In Iran, there are various studies on the quality of theoretical and clinical educations. Although most of such studies reported a gap in the quality of educational services, the degree of gap varies in different aspects of the quality of service. On the other hand, there are few studies on the quality of medical education the community medicine departments (3, 5, 7, 12). Due to the importance of community-based education that provides students with the knowledge and skills required to meet the health needs of individuals and communities.

2. Objectives

The current study aimed to evaluate the quality of educational services in the Department of Community Medicine from the viewpoint of students in internship and apprenticeship courses in order to use the results in programs designed to promote the quality of educational services.

3. Methods

The current descriptive-analytical study was conducted on 255 medical students attending internship or apprenticeship courses at the Department of Community Medicine, Kerman University of Medical Sciences from April to March 2016 by the census method. Guest and transition students were excluded from the study according to the exclusion criteria. Data of the quality of educational services were collected using the service quality measurement questionnaire (SERVQUAL). Demographic variables including age, gender, marital status, and type of educational course (internship or apprenticeship) were also recorded. The self-report questionnaire was completed by the subjects every month after the completion of the internship or apprenticeship courses and after explaining the study objectives to them. In terms of ethical considerations, the questionnaires were anonymous with no studentship number; the students were free to withdraw from the study at any stage. The study was approved by the Ethics Committee of Kerman University of Medical Sciences (code No. IR.KMU.AH.REC.1396.1590).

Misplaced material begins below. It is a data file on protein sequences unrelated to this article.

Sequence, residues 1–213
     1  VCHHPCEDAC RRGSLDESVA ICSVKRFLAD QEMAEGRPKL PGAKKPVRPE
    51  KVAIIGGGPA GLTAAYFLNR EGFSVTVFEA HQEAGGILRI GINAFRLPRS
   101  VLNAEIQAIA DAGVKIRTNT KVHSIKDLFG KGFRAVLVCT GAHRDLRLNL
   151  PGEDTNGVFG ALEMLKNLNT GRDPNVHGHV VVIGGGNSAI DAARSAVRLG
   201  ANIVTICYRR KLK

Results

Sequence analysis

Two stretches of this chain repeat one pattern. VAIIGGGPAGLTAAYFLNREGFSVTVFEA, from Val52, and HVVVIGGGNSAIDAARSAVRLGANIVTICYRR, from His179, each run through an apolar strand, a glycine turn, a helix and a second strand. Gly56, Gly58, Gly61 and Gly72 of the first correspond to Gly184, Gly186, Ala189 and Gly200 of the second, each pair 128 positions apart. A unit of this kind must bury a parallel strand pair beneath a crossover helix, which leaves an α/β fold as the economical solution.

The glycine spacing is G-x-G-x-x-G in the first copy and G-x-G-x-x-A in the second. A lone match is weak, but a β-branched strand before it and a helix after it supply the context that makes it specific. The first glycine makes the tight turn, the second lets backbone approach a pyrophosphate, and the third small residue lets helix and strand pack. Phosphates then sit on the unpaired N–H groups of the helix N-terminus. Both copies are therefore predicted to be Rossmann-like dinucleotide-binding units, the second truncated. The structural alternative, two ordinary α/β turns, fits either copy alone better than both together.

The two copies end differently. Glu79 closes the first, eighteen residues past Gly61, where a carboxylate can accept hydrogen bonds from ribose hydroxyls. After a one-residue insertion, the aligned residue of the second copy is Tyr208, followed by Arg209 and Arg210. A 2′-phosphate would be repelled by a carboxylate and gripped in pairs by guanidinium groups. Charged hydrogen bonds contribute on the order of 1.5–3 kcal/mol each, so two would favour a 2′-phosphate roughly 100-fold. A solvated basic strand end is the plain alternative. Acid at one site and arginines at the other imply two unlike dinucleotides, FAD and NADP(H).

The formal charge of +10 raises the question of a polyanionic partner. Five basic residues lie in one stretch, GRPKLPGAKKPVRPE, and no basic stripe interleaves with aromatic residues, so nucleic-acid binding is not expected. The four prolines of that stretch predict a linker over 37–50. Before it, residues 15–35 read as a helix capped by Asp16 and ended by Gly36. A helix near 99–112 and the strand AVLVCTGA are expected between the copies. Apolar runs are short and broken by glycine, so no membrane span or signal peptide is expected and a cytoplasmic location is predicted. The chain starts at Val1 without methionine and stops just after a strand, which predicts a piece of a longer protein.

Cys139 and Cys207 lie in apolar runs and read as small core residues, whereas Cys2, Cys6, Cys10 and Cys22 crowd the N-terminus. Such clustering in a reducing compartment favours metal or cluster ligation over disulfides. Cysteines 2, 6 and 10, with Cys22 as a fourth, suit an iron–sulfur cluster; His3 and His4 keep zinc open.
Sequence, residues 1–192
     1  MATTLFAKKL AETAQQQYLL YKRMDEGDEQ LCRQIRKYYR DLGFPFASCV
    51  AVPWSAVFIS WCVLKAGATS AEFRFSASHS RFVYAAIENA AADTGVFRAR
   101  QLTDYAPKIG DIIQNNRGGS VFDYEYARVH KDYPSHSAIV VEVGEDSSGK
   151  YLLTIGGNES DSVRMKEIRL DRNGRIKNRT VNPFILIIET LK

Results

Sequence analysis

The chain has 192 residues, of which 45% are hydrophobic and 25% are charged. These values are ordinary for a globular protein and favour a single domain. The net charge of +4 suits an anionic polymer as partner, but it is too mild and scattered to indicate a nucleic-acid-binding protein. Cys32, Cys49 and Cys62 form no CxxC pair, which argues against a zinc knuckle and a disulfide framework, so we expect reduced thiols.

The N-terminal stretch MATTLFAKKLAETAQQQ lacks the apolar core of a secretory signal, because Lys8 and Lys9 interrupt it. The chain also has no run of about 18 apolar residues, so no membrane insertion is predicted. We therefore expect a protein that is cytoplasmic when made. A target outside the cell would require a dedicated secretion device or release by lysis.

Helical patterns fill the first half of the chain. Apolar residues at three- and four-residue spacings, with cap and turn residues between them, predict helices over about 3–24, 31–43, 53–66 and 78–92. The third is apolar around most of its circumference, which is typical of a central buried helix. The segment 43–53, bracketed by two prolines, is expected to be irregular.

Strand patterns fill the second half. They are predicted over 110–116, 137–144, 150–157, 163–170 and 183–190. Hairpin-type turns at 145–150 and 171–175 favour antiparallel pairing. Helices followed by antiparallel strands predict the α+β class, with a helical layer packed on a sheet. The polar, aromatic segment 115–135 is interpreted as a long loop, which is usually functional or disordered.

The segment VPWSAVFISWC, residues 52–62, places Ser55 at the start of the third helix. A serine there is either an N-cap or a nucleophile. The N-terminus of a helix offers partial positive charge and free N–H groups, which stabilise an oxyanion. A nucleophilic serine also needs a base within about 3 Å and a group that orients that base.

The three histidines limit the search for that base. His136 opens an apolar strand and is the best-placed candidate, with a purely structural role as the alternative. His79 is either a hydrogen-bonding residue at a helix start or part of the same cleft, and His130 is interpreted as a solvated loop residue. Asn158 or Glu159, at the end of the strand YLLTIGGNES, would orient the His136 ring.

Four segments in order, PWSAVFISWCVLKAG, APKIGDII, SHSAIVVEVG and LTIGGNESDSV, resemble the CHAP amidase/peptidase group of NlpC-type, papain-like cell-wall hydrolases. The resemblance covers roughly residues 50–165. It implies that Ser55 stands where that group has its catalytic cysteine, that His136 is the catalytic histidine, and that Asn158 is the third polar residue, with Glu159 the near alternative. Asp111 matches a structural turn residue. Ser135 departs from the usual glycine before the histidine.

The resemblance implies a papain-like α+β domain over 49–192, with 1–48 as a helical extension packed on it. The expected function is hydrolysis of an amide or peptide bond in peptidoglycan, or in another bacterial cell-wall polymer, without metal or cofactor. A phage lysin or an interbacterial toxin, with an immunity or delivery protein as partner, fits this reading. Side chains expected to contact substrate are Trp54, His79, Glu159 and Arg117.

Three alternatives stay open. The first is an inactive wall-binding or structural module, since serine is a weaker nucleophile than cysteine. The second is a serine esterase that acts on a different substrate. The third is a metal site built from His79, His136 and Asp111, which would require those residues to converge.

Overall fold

The SERVQUAL questionnaire includes five dimensions: Tangibles (conditions and physical atmosphere of services providing environment such as facilities, equipment, staff, and communication channels), reliability (performing services in a reliable manner to ensure customer’s expectations), responsiveness (willingness to collaborate and support customer), assurance (competence and ability of personnel to build trust and confidence toward the organization in customers) and empathy (feeling of commitment and belonging in personnel toward customers to such an extent that customers are convinced that the organization understands them and they are important to the organization) (8, 12, 13). Validity and reliability of the instrument to assess the quality of educational services in higher education in Iran were confirmed (7, 11). The 24-item SERVQUAL questionnaire is completed by students to measure expectations and perceptions about the status of services based on a five-option Likert scale (from very low to very high expectations, and from very bad to very good perceptions). Answers ranged from very low to very high, and very bad to very good were scored from 1 to 5. Then, the mean scores of perception and expectation items in each dimension were considered as the scores of perception and expectations of that dimension. By subtracting the perception score from the expectation score, the score of the gap of educational services quality was calculated in each dimension. The positive score of the service quality gap indicated that the status perceived from the quality of educational services was higher than expectations, and the negative score indicated that the quality of the provided educational services was lower than expected. Also, in each dimension, the utility level of educational services quality was calculated by dividing the expectation score to the perception score and multiplying the result by 100.